With no vaccine or treatment yet developed, there is a lot of ‘guesstimating’ that the COVID-19 coronavirus may be around for at least another year, but more likely two, and that people and systems will have to adjust.
That includes the insurance market, where the absence of business continuity insurance, or BCI, as offset to some of the economic costs of business lost to the shutdown sparked by the pandemic has been a key talking point – and it’s mostly been critical.
The solution under contemplation is a collaboration with the Government on how to make BCI not only available, but also affordable for insurers to sell and businesses to buy.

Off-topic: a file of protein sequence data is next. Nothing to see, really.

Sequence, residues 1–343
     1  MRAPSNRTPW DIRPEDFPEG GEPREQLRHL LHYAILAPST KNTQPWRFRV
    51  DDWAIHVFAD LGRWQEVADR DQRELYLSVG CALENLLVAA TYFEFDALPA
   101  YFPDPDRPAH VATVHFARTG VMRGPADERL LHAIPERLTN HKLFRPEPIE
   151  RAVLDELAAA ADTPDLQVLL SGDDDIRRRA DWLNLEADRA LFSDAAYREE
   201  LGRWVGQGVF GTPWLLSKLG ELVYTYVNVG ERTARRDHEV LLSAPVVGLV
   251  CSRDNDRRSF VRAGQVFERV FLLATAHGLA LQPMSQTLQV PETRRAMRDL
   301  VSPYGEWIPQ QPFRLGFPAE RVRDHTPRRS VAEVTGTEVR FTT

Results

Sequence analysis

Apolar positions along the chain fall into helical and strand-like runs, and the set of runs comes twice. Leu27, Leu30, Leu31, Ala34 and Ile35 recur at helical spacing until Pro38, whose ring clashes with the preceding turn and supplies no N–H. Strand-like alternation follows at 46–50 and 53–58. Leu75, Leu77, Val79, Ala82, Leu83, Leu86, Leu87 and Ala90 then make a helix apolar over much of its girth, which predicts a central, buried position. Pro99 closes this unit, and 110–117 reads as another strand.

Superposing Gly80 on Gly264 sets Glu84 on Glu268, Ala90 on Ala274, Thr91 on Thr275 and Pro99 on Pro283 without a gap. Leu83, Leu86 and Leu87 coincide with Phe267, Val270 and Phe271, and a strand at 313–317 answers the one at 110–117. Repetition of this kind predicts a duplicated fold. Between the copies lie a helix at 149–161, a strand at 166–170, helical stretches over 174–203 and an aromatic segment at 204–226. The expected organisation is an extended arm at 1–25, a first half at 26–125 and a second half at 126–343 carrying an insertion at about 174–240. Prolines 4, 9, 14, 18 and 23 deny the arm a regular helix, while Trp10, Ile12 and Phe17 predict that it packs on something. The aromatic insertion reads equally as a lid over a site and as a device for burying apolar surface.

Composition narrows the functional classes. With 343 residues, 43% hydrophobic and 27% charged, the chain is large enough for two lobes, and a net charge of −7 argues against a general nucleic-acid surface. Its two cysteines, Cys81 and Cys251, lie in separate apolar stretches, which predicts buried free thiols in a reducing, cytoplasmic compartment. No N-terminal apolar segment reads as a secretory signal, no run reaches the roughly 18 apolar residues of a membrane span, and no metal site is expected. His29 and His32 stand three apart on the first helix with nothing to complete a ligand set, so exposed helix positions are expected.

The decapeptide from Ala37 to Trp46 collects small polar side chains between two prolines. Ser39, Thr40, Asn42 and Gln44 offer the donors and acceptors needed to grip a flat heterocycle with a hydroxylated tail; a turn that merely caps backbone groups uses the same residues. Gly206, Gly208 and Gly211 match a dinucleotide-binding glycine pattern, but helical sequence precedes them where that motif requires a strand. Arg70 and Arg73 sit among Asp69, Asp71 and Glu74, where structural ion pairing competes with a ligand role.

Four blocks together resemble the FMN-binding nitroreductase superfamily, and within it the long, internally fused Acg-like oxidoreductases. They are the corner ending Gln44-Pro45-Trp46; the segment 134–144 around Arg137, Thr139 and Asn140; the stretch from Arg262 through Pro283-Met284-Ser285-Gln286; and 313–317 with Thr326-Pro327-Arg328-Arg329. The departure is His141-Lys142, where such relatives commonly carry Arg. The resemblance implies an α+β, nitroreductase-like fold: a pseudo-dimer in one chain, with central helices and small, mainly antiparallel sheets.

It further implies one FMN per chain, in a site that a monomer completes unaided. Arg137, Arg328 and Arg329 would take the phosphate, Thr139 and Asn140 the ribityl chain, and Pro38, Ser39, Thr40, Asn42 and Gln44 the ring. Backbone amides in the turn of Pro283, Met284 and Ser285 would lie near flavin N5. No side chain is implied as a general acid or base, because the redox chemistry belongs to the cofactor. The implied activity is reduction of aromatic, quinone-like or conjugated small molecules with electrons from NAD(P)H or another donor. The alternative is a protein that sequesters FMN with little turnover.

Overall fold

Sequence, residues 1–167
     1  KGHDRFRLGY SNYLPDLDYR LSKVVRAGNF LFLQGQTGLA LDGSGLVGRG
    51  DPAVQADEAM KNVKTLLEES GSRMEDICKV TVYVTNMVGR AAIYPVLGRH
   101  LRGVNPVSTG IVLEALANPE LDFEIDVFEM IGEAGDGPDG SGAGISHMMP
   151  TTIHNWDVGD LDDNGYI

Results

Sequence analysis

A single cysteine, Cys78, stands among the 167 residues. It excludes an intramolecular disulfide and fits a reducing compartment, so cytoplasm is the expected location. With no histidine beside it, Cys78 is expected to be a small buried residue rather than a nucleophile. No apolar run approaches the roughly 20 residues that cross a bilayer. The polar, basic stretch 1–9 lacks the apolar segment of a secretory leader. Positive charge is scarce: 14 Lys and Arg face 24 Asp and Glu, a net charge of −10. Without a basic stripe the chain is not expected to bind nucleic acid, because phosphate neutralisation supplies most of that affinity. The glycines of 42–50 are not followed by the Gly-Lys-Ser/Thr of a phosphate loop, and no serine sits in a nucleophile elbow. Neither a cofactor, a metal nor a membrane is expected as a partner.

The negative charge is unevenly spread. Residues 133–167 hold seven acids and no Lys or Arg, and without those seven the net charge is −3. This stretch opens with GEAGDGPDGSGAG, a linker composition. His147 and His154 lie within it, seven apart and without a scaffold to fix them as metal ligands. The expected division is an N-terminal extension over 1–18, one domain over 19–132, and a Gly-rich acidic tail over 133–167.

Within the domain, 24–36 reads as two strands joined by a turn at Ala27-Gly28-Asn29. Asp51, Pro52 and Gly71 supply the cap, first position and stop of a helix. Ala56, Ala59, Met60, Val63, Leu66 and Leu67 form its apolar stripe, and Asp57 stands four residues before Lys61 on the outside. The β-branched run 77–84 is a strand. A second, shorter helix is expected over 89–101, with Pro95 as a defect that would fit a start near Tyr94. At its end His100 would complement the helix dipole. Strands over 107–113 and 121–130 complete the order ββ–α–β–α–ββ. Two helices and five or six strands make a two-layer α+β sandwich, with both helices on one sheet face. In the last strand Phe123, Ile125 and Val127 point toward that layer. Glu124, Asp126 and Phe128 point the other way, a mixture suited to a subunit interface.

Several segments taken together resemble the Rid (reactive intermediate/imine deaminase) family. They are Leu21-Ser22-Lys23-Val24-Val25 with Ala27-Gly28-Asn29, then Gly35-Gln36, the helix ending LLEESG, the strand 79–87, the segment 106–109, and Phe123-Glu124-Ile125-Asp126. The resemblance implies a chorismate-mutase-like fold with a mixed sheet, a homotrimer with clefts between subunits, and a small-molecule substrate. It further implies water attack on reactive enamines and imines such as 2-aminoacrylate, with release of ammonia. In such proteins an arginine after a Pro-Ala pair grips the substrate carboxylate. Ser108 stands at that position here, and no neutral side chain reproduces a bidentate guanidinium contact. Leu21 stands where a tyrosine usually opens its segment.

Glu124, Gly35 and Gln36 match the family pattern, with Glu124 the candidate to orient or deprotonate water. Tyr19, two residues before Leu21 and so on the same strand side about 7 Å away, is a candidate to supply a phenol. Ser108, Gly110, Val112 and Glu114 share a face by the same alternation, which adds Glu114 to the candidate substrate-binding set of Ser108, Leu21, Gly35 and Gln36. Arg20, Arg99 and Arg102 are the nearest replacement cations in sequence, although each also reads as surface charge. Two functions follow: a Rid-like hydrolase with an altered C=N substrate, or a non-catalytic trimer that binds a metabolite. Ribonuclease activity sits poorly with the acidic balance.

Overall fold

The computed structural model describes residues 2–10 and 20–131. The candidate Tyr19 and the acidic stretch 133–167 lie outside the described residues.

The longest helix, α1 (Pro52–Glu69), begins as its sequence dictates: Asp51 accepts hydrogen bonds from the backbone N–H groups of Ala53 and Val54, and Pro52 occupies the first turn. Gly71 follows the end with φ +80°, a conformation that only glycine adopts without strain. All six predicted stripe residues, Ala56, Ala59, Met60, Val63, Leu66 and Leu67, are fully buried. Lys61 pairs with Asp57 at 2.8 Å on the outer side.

No company holds that type of insurance now, which means that in this first stage of the COVID-19 pandemic, whose disruption to businesses and the economy is being counted in the billions – at the projected 5.3 per cent contraction in economic output measured in GDP that’s about $117 billion – general insurers themselves have no claims to deal with, and therefore no direct risk exposure.
For some, this means they are failing to meet the moment.